Watch the feet voting

5th May 2000 at 01:00
WHAT, in common parlance, is a superhead? Are they those Captains Courageouses who step into the breach to offer last-ditch leadership in a few high-profile but ailing schools? The final, forlorn hope before closure?

Should "superhead" be reserved for that still theoretical, administrative animal designed by the Government to take charge not of one school but a consortium of five or six? Not so much a headteacher as a head of heads, a one-man or one-woman action zone?

Or are the real superheads much more common? Are they to be found in hundreds of schools throughout the country working 60 hours a week alongside superteachers to perform their daily miracles? Without fuss or fanfare, getting on with the job of providing the leadership which secures for thousands of children a good start in life and prevents many more schools spiralling into decline?

As the testimony of many frontline heads - and the sheer bulk of our overflowing classified sections - underline this week, precisely what a superhead is hardly really matters. For no matter how you define those school managers at the pinnacle of the first division, they alone cannot hope to run successful schols without the support of permanent and motivateable staff. As one celebrated head put it this week (Friday magazine, page 10) schools cannot be turned around by a superhead and a succession of supply teachers.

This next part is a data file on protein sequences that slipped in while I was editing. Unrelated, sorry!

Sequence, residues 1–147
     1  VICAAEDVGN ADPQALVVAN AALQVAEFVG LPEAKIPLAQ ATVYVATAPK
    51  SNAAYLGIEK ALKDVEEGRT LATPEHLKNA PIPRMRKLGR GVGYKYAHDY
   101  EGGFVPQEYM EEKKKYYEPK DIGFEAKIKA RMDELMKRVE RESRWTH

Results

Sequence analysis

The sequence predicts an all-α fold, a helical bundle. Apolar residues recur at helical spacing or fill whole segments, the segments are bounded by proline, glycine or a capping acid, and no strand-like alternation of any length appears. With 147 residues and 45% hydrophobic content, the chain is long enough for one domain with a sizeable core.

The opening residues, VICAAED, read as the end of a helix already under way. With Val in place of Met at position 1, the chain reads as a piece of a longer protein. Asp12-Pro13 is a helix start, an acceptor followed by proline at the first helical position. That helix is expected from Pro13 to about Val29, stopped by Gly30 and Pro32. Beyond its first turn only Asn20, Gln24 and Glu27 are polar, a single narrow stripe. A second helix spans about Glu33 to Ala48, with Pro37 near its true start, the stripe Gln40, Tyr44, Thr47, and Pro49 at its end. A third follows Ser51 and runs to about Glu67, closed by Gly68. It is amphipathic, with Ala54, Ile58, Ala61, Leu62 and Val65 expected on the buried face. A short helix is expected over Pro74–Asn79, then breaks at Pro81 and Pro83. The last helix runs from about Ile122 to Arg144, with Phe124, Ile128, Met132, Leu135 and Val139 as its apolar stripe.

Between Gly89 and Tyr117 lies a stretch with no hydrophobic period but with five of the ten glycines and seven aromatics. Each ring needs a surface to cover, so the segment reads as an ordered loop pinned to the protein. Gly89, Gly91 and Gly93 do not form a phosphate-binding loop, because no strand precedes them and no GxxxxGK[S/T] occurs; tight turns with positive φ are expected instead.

Ensuring adequate numbers of good and willing teachers in every school is David Blunkett's responsibility. Paid training for new graduates is a positive (if belated) step towards better recruitment; threshold payments could also be an incentive to remaining in the profession if the process of obtaining them does not itself prove to be a disincentive.

Extra cash which targets some of the toughest areas through schemes like Excellence in the Cities also offers welcome support of a kind. But fundamentally, heads and teachers who are expected to overcome the levels of social disadvantage faced in many allegedly "failing" schools no longer feel they enjoy the support and understanding of a Labour government. Instead they feel beset, undermined and only too aware of the professional penalties threatened if they fail to achieve the targets imposed on them. It is not surprising, then, if many are voting with their feet and refusing the challenge.

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